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Letters from Iwo Jima poster

Letters from Iwo Jima

Genre: Drama
Rated: R
Directed by: Clint Eastwood
Starring: Ken Watanabe, Kazunari Ninomiya, Tsuyoshi Ihara, Ryo Kase, Shido Nakamura
Released by:
Warner Bros.

In Short: Clint Eastwood’s masterful companion piece to his “Flags of Our Fathers” is another look at the World War II battle of Iwo Jima, but told from the Japanese point of view.

War is Hell, From Either Side
Experiencing Iwo Jima from a Different Perspective

by Jenny Peters

Despite being well past the retirement age, 76-year-old Clint Eastwood continues to be one of Hollywood’s strongest forces, a filmmaker whose deft touch and keen eye make moviegoers look at an oft-told subject with new eyes.

He’s done that masterfully with “Letters from Iwo Jima,” the film he made in tandem with last October’s fine “Flags of Our Fathers,” shooting both movies at the same time (please note, these are two completely different movies despite being made by the same director and dealing with the same subject matter, albeit told from opposing sides of the battle). While “Flags” told the story from the American side, “Letters” looks at the bloody World War II battle for the tiny Pacific island as seen from the Japanese point of view.

Ken Watanabe as General Kuribayashi in "Letters from Iwo Jima"
The battle rages in "Letters from Iwo Jima"

Eastwood’s film (told in Japanese with English subtitles) takes us deep into the hearts and minds of the Japanese soldiers who were ordered to keep the island at all costs. It is based on the real letters written by the commanding officer, General Tadamichi Kuribayashi, who realizes even before the battle begins that it is a lost cause despite his brilliant military planning. The script by Iris Yamashita and Paul Haggis also took inspiration from the few surviving Japanese soldiers to tell the story of the young men who physically fought the battle, like Saigo, a lowly foot soldier who just wishes he could stop digging caves in the heat and get home to his wife and new baby. Soldiers express divergent opinions on the Japanese code of “honor above all else” and show disparate reactions when the battle actually commences. This is accomplished with first-rate acting across the board, especially by Ken Watanabe as the general.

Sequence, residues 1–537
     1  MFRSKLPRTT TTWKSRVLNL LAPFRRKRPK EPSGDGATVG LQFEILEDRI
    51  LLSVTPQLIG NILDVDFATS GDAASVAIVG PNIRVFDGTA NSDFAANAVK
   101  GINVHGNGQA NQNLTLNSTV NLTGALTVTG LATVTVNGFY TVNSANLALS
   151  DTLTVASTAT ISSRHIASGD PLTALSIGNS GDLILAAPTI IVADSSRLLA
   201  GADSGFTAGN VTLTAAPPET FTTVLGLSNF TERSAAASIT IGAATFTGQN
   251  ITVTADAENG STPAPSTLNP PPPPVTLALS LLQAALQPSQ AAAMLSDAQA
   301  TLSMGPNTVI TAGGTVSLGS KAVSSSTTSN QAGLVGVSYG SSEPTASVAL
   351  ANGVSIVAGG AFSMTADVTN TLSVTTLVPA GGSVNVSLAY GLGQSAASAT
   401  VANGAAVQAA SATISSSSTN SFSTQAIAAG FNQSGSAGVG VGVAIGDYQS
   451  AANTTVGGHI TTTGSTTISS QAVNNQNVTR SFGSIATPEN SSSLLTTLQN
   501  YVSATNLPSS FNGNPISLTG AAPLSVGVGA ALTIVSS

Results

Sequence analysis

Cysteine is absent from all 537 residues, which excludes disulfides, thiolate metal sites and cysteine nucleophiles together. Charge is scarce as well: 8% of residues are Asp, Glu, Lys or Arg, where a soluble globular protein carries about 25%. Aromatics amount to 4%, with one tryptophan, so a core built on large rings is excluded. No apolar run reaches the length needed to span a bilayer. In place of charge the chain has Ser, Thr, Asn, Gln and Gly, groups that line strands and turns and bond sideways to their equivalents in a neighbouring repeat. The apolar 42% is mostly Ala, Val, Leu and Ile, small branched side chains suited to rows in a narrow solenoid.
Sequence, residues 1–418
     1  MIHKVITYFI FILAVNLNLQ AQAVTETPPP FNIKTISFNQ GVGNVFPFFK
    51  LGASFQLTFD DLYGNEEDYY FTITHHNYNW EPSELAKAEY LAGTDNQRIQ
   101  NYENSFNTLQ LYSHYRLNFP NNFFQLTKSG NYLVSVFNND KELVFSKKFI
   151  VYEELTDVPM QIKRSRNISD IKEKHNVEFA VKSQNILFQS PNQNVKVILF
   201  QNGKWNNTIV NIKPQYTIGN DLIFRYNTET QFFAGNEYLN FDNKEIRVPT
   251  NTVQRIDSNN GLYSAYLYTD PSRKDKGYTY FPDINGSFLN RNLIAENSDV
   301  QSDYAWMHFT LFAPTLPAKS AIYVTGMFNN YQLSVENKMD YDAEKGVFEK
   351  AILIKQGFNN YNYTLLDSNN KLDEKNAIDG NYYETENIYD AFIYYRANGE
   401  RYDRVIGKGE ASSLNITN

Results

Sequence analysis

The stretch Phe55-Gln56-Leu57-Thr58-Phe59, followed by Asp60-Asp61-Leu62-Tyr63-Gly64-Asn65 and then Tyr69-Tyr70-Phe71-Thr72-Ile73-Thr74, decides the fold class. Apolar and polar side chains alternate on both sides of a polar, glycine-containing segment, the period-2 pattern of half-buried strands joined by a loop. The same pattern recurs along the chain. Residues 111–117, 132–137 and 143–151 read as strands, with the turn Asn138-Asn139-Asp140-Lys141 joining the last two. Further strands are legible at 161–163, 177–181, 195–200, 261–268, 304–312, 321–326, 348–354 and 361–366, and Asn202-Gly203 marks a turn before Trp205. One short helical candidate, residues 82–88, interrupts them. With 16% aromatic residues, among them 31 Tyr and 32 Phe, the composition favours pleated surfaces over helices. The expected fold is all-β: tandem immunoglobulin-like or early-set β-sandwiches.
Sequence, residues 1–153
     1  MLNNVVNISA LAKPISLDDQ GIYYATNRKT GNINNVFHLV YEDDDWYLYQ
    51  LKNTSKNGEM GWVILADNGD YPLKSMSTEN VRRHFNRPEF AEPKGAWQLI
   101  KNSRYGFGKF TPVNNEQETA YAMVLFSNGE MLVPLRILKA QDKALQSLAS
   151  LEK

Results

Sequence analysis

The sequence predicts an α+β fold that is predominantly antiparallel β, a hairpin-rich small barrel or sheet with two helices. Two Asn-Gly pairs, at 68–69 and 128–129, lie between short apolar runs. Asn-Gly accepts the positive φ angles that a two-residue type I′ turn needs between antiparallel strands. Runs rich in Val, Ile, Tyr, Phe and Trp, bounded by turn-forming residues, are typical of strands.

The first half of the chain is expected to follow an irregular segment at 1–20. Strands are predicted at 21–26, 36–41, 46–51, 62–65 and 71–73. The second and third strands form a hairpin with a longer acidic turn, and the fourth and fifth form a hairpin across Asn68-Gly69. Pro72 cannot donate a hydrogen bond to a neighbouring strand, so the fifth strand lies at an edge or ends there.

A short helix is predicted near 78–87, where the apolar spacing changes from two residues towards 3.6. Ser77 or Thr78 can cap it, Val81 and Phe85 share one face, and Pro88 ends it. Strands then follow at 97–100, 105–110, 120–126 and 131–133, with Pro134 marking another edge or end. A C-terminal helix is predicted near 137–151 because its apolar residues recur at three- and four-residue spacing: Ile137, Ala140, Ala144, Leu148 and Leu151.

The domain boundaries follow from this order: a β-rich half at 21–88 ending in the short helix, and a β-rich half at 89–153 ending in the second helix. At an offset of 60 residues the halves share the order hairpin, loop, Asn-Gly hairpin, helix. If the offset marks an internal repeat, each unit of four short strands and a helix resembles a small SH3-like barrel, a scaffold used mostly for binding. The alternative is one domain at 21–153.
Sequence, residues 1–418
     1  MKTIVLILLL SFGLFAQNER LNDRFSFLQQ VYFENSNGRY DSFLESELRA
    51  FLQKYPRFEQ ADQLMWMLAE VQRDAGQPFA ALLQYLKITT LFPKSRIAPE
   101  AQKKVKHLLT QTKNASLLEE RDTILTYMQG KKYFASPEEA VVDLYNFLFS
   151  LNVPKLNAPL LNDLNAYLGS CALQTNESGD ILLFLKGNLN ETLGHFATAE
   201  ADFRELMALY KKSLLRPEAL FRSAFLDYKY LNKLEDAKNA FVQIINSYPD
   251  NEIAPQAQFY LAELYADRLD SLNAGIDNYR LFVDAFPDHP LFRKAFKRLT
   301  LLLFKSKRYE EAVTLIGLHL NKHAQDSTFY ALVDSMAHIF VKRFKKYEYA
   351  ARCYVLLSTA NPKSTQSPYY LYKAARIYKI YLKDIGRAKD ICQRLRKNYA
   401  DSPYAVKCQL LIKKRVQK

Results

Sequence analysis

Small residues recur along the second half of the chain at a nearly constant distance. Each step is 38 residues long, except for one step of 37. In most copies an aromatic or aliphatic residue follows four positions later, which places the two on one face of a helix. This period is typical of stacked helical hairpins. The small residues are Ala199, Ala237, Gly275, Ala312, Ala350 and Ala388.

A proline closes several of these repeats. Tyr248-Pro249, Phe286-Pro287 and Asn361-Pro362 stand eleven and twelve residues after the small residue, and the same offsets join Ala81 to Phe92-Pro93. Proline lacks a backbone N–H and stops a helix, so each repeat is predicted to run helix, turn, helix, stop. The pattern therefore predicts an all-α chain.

Kazunari Ninomiya as young soldier Saido in "Letters from Iwo Jima"
Shido Nakamura in "Letters from Iwo Jima"

The cinematography is unforgettable as well, as Eastwood chose to make the film with an almost black-and-white look, removing much of the color to create a starkness that harkens back to classic war films like Stanley Kubrick’s “Paths of Glory.”

The film evokes “Paths of Glory” in another key way, by expressing the futility and insanity of war without resorting to obvious or preachy moments. Instead, Eastwood simply allows the brutal events to play out as they surely must have, with the result being one of the finest movies ever made, about war or otherwise.



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